Did FBI informant turn to the 'dark side'?

Or was he a victim of FBI retribution? The arrest of a noted 'white hat' -- one of the supposed good guys in the trade -- exposes the murky relationship between federal investigators and hackers
Written by Bob Sullivan, Contributor on

The world of computer hackers divides itself into good and bad by hat colour, and the good guys are supposed to wear white. So when the owner of "whitehats.com" was arrested earlier this year, it sent shudders through the secretive security community.

Max Vision, regarded as a classic upstanding white hat -- and, it turns out, an FBI informant -- was indicted for breaking into government computers. The case illustrates the often awkward love-hate relationship between hackers and law enforcement agencies.

Max Ray Butler, 28, also known as Max Vision, was charged in March with hacking into the US department of defence and other sensitive government computer systems. But Butler is not your typical precocious teenage hacker. According to his complaint, Butler has worked as an FBI informant for two years.

Butler is also by most accounts an upstanding member of the security industry. He writes free software that helps companies catch computer intruders, frequently posts notes to security mailing lists, describes himself as an "expert in ethical hacking", and was regarded by many in the security community as a genuine "white hat".

The FBI wouldn't discuss its case, and Butler directed questions about his case to his lawyer, Jennifer Granick.

But several of Butler's friends say the arrest was the result of deal gone bad.

They suggest Butler was caught hacking, then agreed to act as an FBI consultant to avoid jail time. The deal went sour at some point, and then he was charged. Granick refused to discuss details, but she did hint her client was charged out of retribution.

"Even after the facts of this case arose, they continued to want his assistance, but at a certain point they had a disagreement about what kind of assistance he was providing them and at that point he was charged," Granick said. "They certainly seem to have a love-hate relationship with [hackers]."

When Butler next appears in court in September, computer hackers and law enforcement agents will watch the case carefully as, for one of the first times, a federal court will take up just how cosy investigators should get with the computer underground. But no matter the outcome of the case, say some security experts, hackers and federal authorities will continue their often tense relations. In fact, the two groups need each other, according to Kevin Poulsen, perhaps the second most famous convicted computer hacker behind Kevin Mitnick. Poulsen has said there is an irresistible attraction between law enforcement and hackers.

"Hackers tend to have a certain mindset, a mischievousness, a cleverness when it comes to figuring out things, definitely a sneakiness. The only place a hacker can use that part of the brain legally is in the government," he said. Poulsen, who served a five year term for rigging radio station contests, was himself turned in by a computer criminal-turned-informant.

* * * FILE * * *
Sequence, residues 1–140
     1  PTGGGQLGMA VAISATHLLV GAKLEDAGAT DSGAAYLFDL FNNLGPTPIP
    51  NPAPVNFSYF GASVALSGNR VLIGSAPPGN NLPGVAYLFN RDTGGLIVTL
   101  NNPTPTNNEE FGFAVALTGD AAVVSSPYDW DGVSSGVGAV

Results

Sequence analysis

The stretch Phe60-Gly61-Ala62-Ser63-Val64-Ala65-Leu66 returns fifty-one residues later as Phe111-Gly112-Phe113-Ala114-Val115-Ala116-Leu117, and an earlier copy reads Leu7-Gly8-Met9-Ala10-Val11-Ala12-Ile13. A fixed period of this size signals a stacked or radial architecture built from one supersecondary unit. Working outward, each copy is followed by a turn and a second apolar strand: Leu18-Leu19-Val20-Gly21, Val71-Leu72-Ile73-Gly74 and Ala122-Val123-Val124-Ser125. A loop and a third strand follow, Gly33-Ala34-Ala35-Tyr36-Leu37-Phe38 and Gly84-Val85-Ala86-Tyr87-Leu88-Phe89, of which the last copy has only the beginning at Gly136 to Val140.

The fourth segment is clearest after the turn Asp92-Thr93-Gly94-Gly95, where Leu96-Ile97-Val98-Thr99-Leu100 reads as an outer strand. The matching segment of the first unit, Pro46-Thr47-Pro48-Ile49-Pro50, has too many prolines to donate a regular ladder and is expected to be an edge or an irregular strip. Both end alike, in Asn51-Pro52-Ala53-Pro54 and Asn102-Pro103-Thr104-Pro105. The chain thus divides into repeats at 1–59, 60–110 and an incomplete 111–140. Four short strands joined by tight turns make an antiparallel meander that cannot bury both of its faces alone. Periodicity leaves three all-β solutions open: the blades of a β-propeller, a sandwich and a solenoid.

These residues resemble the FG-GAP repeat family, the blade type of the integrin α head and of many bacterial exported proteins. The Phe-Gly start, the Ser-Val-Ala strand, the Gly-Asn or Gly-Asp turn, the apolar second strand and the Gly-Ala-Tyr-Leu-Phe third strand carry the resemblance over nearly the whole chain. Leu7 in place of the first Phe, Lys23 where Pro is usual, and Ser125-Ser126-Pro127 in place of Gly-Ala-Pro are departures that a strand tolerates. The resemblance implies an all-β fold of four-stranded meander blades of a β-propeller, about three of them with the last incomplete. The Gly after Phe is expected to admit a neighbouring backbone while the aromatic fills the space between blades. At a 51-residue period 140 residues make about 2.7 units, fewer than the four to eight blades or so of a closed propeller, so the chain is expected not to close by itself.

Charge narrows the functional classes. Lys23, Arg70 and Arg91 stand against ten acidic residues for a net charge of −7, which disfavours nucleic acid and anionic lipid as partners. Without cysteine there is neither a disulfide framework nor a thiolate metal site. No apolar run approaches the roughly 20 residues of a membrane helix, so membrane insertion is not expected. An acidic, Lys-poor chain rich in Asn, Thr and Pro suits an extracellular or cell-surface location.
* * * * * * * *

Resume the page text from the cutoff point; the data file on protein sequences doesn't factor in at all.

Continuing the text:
"It is love-hate. It goes both ways. The government needs that kind of talent to get those kinds of things done, and hackers are drawn to places where they can use their talents without risk of jail time."

Still, many law enforcement officers, say that is no different from the use of informants in the real world.

"There is no difference between using a hacker as a cooperator versus using a drug dealer as a cooperator. Sometimes it takes a thief to catch a thief," said Elliot Turrini, who prosecuted the Melissa virus author for the US department of justice.

But computer hackers respond that drug buyers and "grey hats" -- hackers who work on the edge of legality -- shouldn't be compared. In the murky, nickname-laden world of computer security, the lines between research and illegal activity are often blurry, they say.

"I don't think there's a single security person out there who hasn't scanned a site and done something that could be considered illegal," said Dragos Ruiu, a Butler friend and chief exec of security firm Dursec.com.

Hackers -- "white hats" -- scan computers from across the Internet to see if they are vulnerable; computer intruders -- "black hats" -- then take that information and break into the computer. It's unclear if scanning alone is illegal or simply a harmless "knock on the door".

In fact, the lines are so blurry that according to one federal prosecutor who requested anonymity, the US department of justice is currently engaged in its own internal ethical debate about how much "illegal" hacking undercover FBI agents should be allowed to perform during investigations.

Engaging in such activity is necessary because only by showing such skills can an undercover agent gain the trust of computer criminals, the source said.

And if they can't engage in those activities themselves, they sometimes get hackers to do it for them. Ruiu, of Vancouver, Canada, said he's been approached by law enforcement officers during his career and asked to perform questionable tasks.

"I remember thinking 'I don't know if law enforcement should be involved in this," he said. "And am I doing something that is going to come back and bite me?" He worries that if Butler is sent to jail, security professionals will stop cooperating with authorities all together.

Go to Pt II/ Staying clean

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